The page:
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  • To: whois-tf3-report-comments@xxxxxxxxxxxxxx
  • Subject: comments
  • From: Jisuk Woo <jisuk@xxxxxxxxx>
  • Date: Tue, 6 Jul 2004 02:01:16 +0900 (KST)
  • Reply-to: jisuk@xxxxxxxxx

I am quite concerned about the basic premise of this task force. I do not find the accuracy of personal data in whois database necessary, nor always desirable. Since most of the report is based on the assumption that the accuracy of whois data is necessary or desirable, it is difficult to comment on the contents of the report, and if we still have to proceed on this issue, I prefer working on the Registrars Constituency Minority Report. I also think that putting together best practices is very premature at this time.


The reasons why the accuracy of whois data is not always desirable are manifolds. One relates to the nature of digital technology, and power imbalance that plays a critical role in this situation. In the interactive Internet environment, once information is made available, it is very difficult to know who will use the information for what purpose and when this will happen. There are thousands of big brothers and neighbours and other people who could have access to your information, and you would not even know it. Individuals, governments, data-using industries, and all other potential users of information are uncertain about whether and how personal information will be used in the future. Then having some anonymity may be the only way for ordinary individuals to protect themselves from potential abuse of their personal information. In that sense, sometimes providing false information would be the only practically effective and logically rational way to protect oneself.


If we force domain name registrants to provide accurate information as recommended in the report, they do not have a practical option not to provide information in a practical sense in this take-it-or-leave-it condition. Furthermore, even if they do make a voluntary decision to provide their information, this decision is often based on incomplete and uncertain information regarding the possible use of their information in the future. The so-called “informed consent” is very difficult to be achieved in this situation.


But the sentiment that “concealing data is a bad thing” and “more than less information is better” seems to be a deeply held social value. So privacy as a tool to give a right to prevent sharing of personal information may have a natural and inherent disadvantage. But if we look closely at society’s customs and practices, we should admit that secrets and lies are an essential element of society’s function. Every society tolerates and even respects some forms of untruth, and people tell lies about themselves and their motives. We all know that reality is far from just plain truth, and the movie “Liar, Liar” illuminates that too much honesty can be both dangerous and ridiculous. This reality is reflected in many cases of secrecy exercised in government and news media. There are many circumstances in which attaining knowledge is considered undesirable, and these circumstances are supported by various justifications such as national interest and protection from foreign entities. Therefore, there can be good deception and bad deception, as much as we distinguish between white lies and black lies, between small lies and big lies. Then what is the basis for this distinction? In the case of government secrets and undercover operations, when benefits outweigh potential harm and risk, secrecy and deception seems to be justified. Also, good purpose and good intention seem to be other justifications.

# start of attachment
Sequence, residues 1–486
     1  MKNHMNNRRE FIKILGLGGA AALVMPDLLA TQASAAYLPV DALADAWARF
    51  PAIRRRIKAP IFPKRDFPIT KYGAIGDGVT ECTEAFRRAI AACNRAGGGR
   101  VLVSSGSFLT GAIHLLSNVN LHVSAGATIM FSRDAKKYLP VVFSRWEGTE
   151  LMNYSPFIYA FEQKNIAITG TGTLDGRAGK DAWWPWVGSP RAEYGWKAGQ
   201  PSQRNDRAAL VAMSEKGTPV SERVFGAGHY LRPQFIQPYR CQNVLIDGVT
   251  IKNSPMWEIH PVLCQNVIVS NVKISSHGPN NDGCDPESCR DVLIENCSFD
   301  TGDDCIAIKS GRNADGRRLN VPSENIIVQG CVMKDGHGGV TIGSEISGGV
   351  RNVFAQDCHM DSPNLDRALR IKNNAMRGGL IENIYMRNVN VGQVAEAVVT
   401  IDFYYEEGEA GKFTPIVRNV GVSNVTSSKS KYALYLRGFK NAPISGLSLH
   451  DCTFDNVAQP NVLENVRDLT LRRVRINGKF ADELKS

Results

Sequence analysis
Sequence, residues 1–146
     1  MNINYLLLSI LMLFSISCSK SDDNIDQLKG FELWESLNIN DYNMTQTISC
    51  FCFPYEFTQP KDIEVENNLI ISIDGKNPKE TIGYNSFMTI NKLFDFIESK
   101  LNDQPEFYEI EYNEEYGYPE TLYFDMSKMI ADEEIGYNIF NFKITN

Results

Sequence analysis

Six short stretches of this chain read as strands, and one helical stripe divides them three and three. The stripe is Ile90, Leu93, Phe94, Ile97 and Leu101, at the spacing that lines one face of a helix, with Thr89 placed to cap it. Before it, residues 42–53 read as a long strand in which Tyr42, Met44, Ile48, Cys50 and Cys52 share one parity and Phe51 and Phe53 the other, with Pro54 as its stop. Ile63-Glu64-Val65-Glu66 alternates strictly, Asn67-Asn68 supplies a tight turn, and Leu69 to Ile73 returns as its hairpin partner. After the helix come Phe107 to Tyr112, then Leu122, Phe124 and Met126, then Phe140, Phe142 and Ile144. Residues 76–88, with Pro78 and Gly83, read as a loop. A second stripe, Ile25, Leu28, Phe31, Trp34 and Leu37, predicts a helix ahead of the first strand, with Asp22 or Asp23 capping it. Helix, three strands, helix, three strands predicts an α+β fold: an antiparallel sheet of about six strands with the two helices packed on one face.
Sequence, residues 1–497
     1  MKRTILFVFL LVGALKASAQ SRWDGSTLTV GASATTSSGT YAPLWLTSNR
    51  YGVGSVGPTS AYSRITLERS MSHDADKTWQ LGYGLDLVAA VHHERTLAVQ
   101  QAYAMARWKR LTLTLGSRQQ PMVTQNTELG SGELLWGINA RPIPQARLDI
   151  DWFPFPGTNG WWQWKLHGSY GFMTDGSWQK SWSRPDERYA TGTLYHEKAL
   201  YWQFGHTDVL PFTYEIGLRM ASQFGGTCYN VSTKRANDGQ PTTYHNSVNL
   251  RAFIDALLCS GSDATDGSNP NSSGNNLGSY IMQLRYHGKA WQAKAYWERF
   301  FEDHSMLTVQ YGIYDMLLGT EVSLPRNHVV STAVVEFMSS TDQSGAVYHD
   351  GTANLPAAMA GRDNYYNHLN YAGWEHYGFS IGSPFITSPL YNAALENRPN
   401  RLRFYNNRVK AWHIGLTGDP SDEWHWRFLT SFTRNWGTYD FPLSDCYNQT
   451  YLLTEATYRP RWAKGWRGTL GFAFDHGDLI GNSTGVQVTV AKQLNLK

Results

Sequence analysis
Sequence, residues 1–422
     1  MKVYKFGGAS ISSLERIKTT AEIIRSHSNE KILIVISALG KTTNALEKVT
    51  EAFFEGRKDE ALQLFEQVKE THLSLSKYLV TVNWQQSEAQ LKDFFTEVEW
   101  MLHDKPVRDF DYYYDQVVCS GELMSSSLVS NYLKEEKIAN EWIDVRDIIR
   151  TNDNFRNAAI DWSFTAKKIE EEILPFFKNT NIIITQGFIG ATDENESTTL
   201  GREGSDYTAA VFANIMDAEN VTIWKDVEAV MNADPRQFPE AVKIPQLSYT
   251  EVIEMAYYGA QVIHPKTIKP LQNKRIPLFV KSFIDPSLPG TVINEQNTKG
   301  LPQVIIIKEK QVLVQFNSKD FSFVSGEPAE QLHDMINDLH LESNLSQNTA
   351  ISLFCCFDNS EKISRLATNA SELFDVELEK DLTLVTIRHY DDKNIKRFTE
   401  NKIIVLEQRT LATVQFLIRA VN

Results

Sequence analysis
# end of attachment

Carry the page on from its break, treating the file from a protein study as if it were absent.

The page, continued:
Thus, I argue that concealing and deceiving one’s identity to gain anonymity on the current network environment is a tool to protect oneself from unknown harm or invasion and to maintain individual control over one’s private space. This kind of “defensive” lying has clear benefits and a positive purpose, and is often permitted in society. In the same token, I think that the protection of registrants’ privacy is worth securing by not forcing to provide absolutely accurate information and imposing disadvantages if they do not comply. Before we have a discussion on this more fundamental issue, having a discussion and making a conclusion regarding how to create accurate database seems to be far-fetched.


Jisuk Woo

Professor at Seoul National University

Jinbonet Korea

서울대학교 행정대학원
Assistant Professor
Graduate School of Public Administration
Seoul National University
tel: 02-880-5633
fax: 02-6248-0951
email: jisuk@xxxxxxxxx

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